Saturday, January 7, 2012

Book Review: Part Wild, by Ceiridwen Terrill

The only reason I heard of Part Wild, by Cerirdwen Terrill, is that it was mentioned on Dogster a few months back, when it was about to be published.

It's one of those books that, while I can say that I'm glad that I read it, and it really gripped me while I was in the process, it made me feel sad and regretful, even though the situations that transpired were not my life.

The author, Ceiridwen Terrill, got out of a bad and horribly abusive relationship. So she wanted a dog. While at the animal shelter, she went into a back room, where there was what was labeled as a "wolf dog", and that's what planted the seed. Soon, a friend of hers who knew a wolf dog breeder hooked her up with that woman, and then she was present at the whelping of the litter that produced her wolf dog, Inyo.

This is one of those books that keeps me reading, and I feel bad for the situation, but I certainly questioned the initial motives for getting a wolf dog.  She was afraid of her ex, and wanted an animal who would bond with her and protect her. She felt very comfortable in the outdoors (in the wild) and didn't feel a dog could keep up with her on wilderness hikes. She also, unfortunately, seemed to have done all of her research after everything went down, and before she bought Inyo in the first place.

The narrative flow of the book was, for me, a little choppy, as Terrill interspersed her research trips and talk of visiting wolfdog breeders with the story of her time with Inyo. I take this research to have happened after the fact, but it was dissonant with the rest of it, as I wondered who was taking care of Inyo, for whom Terrill was very concerned, when she was jetting off to Siberia to visit the fox farm of the Belyaev study (and we may remember how very much I love hearing about the Belyaev study. Over and over again).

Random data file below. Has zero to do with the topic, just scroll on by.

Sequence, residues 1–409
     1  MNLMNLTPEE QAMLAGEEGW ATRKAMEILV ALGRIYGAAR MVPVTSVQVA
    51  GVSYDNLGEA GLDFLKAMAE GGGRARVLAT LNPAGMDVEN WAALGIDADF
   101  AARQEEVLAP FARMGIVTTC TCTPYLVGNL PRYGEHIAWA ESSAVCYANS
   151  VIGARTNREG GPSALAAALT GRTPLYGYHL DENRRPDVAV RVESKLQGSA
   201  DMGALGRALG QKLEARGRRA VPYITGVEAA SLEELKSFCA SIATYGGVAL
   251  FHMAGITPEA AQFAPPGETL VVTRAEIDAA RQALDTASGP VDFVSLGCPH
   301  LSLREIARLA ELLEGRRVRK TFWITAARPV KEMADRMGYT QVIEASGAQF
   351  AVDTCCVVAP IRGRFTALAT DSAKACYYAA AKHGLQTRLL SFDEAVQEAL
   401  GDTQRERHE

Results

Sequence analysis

That said, Terrill's writing is very good. Her storytelling is spot on, and her love for Inyo, and for the other dogs that she brought into her home as well, shines through desperately. Her mixed love, frustration, and disappointment with her subsequent husband is also a poignant note through the book. So really, I recommend it, with caution. The situation is hearbreaking and frustrating, and is a story about learning hard lessons, and also about hindsight and regret.


  1. Ya know, I don't think that's the book for me.

  2. My childhood dog was from a litter of a wolf/GSD (sire) and collie (dam). I loved him very much. But as an adult, I look back and wonder, "what were my parents thinking?"

    I'm curious about this book. But don't know if I'm in a place to read it right now.

  3. @rumpydog I was definitely fascinated (I totally read White Fang as a child and the notion of a wolf dog that only I could tame appealed, because that's one of those childish ideals that persists). But I can definitely see why not. Like I said, her writing was quite good, and her hindsight spot on, but reading the actual situations were heartbreaking.

    @Pamela What were your parents thinking?! Though judging from the comments of the book on Amazon, from people who purport themselves to have been REAL wolfdog owners (some people have even poked fun at the cover saying things like "lol, she thinks her malamute was a wolf") saying "I trained my wolfdog and he was fine!" And she did try to train...but what the book reflected was not the level of training I would have expected.

  4. It sounds like an interesting book, but may be one of those I cannot read as I would get completely caught up in it emotionally too-not that that is always bad. Sounds pretty heavy though!